EAST LANSING, Mich. -- Out of sight but not out of mind is the apt description for politics in America at this moment. The focus on terrorism has made partisanship unfashionable.
Candidates for mayor in cities across the country and for governor in New Jersey and Virginia, the two states holding elections next month, are debating as usual about taxes and transportation, crime and corruption, whether the public is listening or not.
On Capitol Hill, the old squabbles over economic policy and the role of government are beginning to resurface after a month of unusual unity following the September 11 terrorist attacks.
But the most consequential political struggles--the ones with long-lasting effects--are taking place largely unnoticed by most citizens. These are the battles over redistricting that will literally set the lines of electoral advantage for the next decade.
I was reminded of this reality the other day here when I saw Michigan state Sen. Dianne Byrum. Byrum was the Democratic nominee in a race for the House of Representatives which I had covered last year--a classic open-seat contest in which she ultimately lost to Republican Mike Rogers by a scant 160 votes.
The Rogers-Byrum race in the district formerly held by Democrat Deborah Stabenow, now a U.S. senator, was so competitive and so vital to both parties that it became the center of national attention and fund-raising. It is exactly the kind of race where one would expect a rematch. But when I asked Byrum if she were planning to run again next year, she said, "Absolutely not."
She will be term-limited out of her state Senate seat in 2002, she said, so she is considering three options. She may seek statewide office, step back and run for the Michigan house of representatives, or retire to private life until another political opportunity opens.
Why not run against Rogers again? Because, she said, a Republican redistricting plan has boosted the GOP voting strength by about 5 percent, making the once-competitive seat almost safe for the incumbent.
That same plan so radically redrew the home district of the No. 2 Democrat in the House, Minority Whip David Bonior, that Bonior has decided to end his House career and jump into a three-way primary for governor. And it also altered the territory of the senior House Democrat, John Dingell, sending him away from his familiar blue-collar, labor constituents in Down River Detroit and into the independent, academic high-tech atmosphere of Ann Arbor.
Thus, the political fortunes of many incumbents and potential challengers--and the future representation of millions of citizens--have been altered without a single vote being cast. Similar changes occur every 10 years, when the post-Census remapping of the House takes place. But this time around, few others than the politicians are paying attention. Worries about terrorism and anthrax put everything else in the shadow.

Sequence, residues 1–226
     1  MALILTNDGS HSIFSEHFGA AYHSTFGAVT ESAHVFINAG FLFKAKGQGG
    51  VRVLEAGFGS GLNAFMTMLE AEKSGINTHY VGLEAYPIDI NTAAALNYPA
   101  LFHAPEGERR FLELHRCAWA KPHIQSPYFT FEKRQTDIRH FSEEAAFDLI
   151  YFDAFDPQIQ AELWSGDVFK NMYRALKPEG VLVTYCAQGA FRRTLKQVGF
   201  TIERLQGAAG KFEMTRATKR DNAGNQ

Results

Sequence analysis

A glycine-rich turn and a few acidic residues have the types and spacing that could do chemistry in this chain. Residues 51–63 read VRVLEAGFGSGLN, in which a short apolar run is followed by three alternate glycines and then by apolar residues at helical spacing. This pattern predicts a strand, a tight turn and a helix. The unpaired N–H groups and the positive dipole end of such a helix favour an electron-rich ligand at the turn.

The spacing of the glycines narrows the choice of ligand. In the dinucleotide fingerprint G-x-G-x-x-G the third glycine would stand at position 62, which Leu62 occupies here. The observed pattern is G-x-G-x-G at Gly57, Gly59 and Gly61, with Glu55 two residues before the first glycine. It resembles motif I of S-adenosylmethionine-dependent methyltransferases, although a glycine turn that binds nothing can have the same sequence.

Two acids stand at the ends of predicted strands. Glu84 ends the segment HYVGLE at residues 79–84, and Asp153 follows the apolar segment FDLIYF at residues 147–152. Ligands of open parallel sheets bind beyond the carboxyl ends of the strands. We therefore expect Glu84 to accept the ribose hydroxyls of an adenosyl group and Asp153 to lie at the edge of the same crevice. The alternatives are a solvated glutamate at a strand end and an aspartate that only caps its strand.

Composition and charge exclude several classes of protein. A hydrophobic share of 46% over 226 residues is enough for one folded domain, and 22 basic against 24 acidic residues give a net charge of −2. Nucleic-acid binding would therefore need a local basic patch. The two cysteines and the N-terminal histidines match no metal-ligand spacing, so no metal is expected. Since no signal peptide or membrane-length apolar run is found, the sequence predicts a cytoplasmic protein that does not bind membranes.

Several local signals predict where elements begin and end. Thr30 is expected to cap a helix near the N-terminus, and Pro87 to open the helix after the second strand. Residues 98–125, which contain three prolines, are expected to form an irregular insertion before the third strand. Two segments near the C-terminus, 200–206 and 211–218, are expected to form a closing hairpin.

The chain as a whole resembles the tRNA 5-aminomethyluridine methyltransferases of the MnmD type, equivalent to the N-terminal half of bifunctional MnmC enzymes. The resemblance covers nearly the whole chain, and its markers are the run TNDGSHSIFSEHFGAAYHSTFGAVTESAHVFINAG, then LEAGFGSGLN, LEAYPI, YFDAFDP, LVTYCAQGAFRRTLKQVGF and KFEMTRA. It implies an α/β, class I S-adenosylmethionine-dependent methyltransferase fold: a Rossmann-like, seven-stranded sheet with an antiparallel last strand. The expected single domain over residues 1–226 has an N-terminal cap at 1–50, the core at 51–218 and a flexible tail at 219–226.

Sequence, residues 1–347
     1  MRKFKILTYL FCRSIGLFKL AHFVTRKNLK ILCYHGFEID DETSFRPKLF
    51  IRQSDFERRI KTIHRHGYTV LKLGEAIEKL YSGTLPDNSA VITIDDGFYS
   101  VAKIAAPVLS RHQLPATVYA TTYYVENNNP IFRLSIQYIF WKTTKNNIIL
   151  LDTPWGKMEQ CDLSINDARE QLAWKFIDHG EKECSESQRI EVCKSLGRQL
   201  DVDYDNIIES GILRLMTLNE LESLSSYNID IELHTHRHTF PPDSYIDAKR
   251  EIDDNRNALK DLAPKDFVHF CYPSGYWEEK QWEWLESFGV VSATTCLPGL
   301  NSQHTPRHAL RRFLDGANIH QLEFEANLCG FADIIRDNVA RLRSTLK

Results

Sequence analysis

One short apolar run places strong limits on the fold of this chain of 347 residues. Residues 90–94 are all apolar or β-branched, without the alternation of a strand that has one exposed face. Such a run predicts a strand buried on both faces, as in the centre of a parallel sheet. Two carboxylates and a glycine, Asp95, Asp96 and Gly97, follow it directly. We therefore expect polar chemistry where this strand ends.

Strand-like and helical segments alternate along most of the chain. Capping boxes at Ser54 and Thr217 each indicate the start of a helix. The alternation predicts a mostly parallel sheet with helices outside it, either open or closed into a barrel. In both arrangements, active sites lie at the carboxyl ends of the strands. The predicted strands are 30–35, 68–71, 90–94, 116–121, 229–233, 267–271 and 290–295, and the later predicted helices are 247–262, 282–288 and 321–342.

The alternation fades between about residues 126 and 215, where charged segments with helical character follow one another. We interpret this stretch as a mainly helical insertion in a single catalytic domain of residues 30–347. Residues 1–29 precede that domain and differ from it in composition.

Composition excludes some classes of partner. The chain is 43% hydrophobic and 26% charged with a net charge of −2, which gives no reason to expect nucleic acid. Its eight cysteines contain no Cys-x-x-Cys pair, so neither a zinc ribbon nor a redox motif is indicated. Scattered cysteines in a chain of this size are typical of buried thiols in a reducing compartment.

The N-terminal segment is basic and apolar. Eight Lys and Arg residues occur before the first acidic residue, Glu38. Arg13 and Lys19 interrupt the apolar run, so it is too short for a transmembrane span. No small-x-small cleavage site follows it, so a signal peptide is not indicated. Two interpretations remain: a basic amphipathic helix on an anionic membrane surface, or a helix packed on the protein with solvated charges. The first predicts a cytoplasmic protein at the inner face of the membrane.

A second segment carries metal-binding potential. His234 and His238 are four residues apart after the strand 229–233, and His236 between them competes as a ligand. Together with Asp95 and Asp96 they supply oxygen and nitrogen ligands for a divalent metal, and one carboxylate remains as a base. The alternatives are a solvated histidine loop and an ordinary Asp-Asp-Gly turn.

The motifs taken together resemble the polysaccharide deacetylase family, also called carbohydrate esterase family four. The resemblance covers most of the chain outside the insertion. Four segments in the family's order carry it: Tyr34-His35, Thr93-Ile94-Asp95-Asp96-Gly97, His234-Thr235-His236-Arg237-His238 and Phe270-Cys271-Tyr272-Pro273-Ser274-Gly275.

And yet, because the parties are so even in strength, the line-drawing taking place now may well determine whether the House of Representatives has a Republican or Democratic majority, not just for two years but for the next decade. Whichever party can gain an edge in the current redistricting will have an immense advantage.
Ironically, the final word in this vital political struggle is often held by unelected officials--federal judges. This week, for example, a three-judge federal court is scheduled to hear a dispute on the new congressional map for Texas.
Partisan stalemate in the Legislature left it up to District Judge Paul Davis, a Democrat who had decided not to seek re-election to the state bench, to draw the first, provisional version of the 32 districts Texas will have for the next decade--two more than its current delegation.
In early October, Davis had sketched a map that would have forced five Democratic incumbents either to run in Republican-leaning districts or to face each other. It would have virtually guaranteed Republicans, who now hold 13 of the 30 seats, a majority in the delegation.
But after a week of complaints from Hispanic groups, who claimed they were being denied proper representation, and pressure from Democrats, who said his map would doom their efforts to recapture the House, Judge Davis redrew his plan. The new version protects almost all incumbents and makes it likely the Democrats will emerge with either their current 17 seats or one more. Now the Republicans are crying foul.
Similar schemes are playing out in a couple dozen other states, usually for smaller but still vital stakes. Virtually unnoticed, politics go right on.
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